Could Iceland really become an "Information Haven"?

15 February 2010

9:45 AM

15 February 2010

9:45 AM

The most exciting news of recent weeks (slightly underplayed by the Guardian which had the scoop) is the news that a group of freedom of information campaigners are planning to turn Iceland into a haven for free speech.
This is potentially an extraordinary idea. Iceland would attract media organisations and start-ups by protecting them from censorship and aggressive libel laws such as those we have in Britain. There is a great piece by Wikileaks editor Julian Assange on the Organgrinder blog in The Guardian.
The nub of the proposition is this:
"In my role as Wilkileaks editor, I’ve been involved in fighting off more than 100 legal attacks over the past three years. To do that, and keep our sources safe, we have had to spread assets, encrypt everything, and move telecommunications and people around the world to activate protective laws in different national jurisdictions. We’ve become good at it, and never lost a case, or a source, but we can’t expect everyone to make such extraordinary efforts. Large newspapers, including the Guardian, are forced to remove or water down investigative stories rather than risk legal costs. Even internet-only publishers writing about corruption find themselves disconnected by their ISPs after legal threats. Should these publications not relent, they are hounded, like the Turks & Caicos Islands Journal, from one jurisdiction to other. There’s a new type of refugee – "publishers" – and a new type of internet business developing, "refugee hosting". Malaysia Today is no longer published in Malaysia. Even the American Homeowners Association has moved its servers to Stockholm after relentless legal attacks in the United States. That’s why I’m excited about what is happening in Iceland, which has started to see the world in a new way after its mini-revolution a year ago. Over the past two months I have been part of a team in Iceland advising parliamentarians on a cross-party proposal to turn it into an international "journalism haven" – a jurisdiction designed to attract organisations into publishing online from Iceland, by adopting the strongest press and source protection laws from around the world."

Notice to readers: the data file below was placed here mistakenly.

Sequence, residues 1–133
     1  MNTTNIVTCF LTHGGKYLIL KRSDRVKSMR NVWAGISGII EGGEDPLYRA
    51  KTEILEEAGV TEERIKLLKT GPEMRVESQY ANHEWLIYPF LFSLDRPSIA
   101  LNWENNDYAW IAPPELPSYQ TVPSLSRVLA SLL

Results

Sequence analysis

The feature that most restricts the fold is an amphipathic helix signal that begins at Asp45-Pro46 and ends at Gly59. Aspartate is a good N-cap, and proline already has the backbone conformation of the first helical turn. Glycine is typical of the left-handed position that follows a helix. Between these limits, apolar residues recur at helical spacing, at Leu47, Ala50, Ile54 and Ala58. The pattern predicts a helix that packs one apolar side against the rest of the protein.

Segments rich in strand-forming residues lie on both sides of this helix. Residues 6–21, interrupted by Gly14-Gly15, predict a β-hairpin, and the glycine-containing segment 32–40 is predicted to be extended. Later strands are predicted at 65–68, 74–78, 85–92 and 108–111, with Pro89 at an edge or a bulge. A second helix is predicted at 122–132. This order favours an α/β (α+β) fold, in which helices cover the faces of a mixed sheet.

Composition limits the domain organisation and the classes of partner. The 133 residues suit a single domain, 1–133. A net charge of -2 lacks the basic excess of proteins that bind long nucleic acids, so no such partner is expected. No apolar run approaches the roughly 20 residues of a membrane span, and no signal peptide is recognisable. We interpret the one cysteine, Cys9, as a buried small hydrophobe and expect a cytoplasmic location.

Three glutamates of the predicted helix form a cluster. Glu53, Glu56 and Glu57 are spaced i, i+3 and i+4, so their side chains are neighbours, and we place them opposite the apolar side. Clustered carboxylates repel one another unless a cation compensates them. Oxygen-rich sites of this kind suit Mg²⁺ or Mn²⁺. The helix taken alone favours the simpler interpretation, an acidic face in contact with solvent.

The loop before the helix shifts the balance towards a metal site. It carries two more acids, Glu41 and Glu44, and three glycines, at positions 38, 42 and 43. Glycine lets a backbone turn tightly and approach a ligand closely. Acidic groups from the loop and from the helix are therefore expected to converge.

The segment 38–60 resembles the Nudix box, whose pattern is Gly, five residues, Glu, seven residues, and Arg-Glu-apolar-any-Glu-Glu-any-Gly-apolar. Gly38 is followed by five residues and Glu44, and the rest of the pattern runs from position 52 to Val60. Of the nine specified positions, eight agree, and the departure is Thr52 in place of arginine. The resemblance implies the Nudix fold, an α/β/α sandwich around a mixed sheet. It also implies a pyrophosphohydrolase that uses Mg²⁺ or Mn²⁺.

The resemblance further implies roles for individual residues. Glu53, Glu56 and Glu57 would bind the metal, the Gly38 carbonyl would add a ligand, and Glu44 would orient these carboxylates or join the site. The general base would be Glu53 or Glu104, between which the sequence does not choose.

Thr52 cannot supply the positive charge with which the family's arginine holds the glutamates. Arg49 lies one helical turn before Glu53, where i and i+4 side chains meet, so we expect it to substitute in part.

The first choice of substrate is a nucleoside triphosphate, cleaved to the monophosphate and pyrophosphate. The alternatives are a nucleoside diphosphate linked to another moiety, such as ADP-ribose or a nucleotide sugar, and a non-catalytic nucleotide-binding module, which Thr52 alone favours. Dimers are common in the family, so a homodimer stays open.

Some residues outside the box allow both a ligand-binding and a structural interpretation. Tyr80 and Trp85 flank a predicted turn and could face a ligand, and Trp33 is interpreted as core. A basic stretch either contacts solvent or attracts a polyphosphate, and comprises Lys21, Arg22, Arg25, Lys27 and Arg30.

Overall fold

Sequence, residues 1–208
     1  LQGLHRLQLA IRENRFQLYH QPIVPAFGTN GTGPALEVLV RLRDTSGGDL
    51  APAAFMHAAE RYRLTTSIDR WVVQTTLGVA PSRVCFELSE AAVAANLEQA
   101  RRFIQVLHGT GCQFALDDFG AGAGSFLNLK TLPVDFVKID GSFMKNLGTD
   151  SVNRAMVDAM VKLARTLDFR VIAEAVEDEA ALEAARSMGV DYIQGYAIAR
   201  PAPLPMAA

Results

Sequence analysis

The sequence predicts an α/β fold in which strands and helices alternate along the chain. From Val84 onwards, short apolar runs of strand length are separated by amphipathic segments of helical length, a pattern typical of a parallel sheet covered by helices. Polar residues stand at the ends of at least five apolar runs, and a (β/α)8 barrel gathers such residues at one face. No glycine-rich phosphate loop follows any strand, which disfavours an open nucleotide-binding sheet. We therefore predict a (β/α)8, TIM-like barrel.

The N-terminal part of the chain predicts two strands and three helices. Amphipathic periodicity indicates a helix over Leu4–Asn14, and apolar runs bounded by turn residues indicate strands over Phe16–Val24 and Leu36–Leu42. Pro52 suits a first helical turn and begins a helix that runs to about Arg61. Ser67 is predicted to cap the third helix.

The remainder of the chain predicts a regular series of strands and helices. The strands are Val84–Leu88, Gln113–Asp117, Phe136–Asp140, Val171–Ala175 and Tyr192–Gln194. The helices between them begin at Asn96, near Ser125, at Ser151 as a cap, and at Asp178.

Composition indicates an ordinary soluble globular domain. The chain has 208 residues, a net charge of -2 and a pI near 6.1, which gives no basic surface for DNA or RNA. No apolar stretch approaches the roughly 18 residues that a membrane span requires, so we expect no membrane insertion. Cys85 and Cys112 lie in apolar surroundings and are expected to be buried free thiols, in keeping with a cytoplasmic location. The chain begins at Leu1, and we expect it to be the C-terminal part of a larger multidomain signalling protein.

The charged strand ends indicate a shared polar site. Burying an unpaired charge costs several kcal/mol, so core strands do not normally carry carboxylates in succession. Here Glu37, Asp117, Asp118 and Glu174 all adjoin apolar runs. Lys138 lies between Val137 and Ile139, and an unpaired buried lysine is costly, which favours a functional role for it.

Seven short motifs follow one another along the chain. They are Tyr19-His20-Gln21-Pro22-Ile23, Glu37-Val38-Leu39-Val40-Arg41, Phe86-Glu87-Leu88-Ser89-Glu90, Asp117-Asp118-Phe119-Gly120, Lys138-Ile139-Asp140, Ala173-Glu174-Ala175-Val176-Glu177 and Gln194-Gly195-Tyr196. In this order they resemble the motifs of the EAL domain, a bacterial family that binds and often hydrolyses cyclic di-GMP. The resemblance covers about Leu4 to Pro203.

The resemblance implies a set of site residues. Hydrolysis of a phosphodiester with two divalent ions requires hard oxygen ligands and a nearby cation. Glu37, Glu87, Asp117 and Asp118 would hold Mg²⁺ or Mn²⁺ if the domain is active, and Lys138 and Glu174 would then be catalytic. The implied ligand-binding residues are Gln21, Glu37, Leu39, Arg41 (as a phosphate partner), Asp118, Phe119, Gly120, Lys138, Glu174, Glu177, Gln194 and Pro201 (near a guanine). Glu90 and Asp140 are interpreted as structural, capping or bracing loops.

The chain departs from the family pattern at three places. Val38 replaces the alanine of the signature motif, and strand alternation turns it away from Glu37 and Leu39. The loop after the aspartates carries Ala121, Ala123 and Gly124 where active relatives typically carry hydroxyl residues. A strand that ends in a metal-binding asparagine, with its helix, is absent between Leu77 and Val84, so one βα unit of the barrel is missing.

There is likely to be a British delegation to the Icelandic parliament in the near future, so I’ll keep readers of this blog informed of developments.

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Show comments
  • rndtechnologies786

    Your blog is good.

  • Herbert Thornton

    I wouldn’t be optimistic that opinions and information expressed in Iceland – whether in speech, print, or on the Internet – will necessarily be available for people in, say Britain or Canada, to listen to, or to read as a newspaper or on a computer screen.

    The problem is that the Human Rights Industry and others determined to suppress what they regard as undesirable opinion will make it dangerous, or at least burdened with quite draconian financial penalties, not merely to express such opinions in Britain or Canada, but to in any way facilitate the opinions being disseminated. It is not surprising that Canadian Human Rights Commissions are often referred to as the Canadian Thought Police.

    Proceedings of this sort have actually been brought in Canada. One example is that of a Canadian-based Internet website where the website owner was not shown to be in agreement with the opinion, or even to be aware of its existence. It has also happened in the case of Canadian magazines. In one case the costs of the proceedings were so burdensome that the owner was forced out of business. In another, more recent example, proceedings were brought against Macleans Magazine. Macleans were sufficiently wealthy that they were able to successfully resist the proceedings against them, but despite that, their costs of resisting were enormous and they received no reimbursement of their costs.